Chandelier bush is a common remedy for coughs and colds in Trinidad and Tobago. The leaves are squeezed or brewed to make the remedy. Both versions taste terrible but they do work.
This is not medical advice. Please see the disclaimer page for more.
What is Chandelier Bush?
Chandelier belongs to the mint and sage family. But, unlike those herbs, it is a fairly tall plant. Here’s one I came across:
Chandelier’s botanical name is Leonotis nepetifolia.
It is sometimes called:
- Christmas candlestick
- lion’s ear
- klip dagga
The plant is native to tropical Africa, but also grows in southern India, Latin America and the Caribbean. So with such a limited range, I won’t be surprised if you’ve never heard of chandelier bush.
Is chandelier good for you?
Short answer: yes!
Extracts of the leaves were found to be both antibacterial and anti-Candida. In fact, in a 2015 study, researchers proved chandelier could damage the membranes of microbes, essentially killing them.
A 2016 study went further to discuss the scientifically proven benefits of chandelier along with its traditional uses. The proven benefits showed the plant is likely:
- wound healing
As for folk medicine, the study explained the plant is used for respiratory problems like coughs, flu, and asthma. It is also used to treat fever, rheumatism, headaches, wounds, womb prolapse, and malaria.
Personally, I have used chandelier leaves to treat the cough. It works if I’m recovering from the flu. But, if my cough is due to allergies, it’ll only work for a couple days.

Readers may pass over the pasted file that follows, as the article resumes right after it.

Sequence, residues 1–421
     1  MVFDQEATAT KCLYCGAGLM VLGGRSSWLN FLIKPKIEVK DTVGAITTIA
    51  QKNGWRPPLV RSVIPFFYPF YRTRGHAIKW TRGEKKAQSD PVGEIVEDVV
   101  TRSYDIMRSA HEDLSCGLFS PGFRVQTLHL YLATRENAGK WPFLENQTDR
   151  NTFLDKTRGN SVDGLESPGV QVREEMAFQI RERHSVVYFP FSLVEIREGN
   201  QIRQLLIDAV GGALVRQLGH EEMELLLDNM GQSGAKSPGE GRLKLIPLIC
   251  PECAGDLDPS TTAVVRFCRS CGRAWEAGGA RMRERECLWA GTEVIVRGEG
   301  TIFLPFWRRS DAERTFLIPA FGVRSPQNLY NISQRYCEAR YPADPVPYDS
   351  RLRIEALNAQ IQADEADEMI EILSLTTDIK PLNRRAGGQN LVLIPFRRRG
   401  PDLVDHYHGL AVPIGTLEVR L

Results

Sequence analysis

How to prepare chandelier bush?
There are two ways to prepare chandelier leaves.
The first is to make tea.
Break up three or four leaves and add boiling water to them. Let steep for ten to fifteen minutes before straining, sweetening and serving. Fair warning, the tea tastes terrible without a sweetener.
You can also brew a few leaves for five minutes and leave to steep for another five minutes. Here’s a quick video on it:
The second way to prepare chandelier bush is to crush and squeeze the leaves to extract the juice. I suggest using more than ten leaves here.
To crush the leaves, you can use your palms, a mini blender, or a mortar and pestle.
You may get a teaspoon or two of juice. To this, add a couple drops of lemon juice and a dash of salt. The lemon juice helps with the taste. But, it still is terrible. It does work though!
Here’s the extract:
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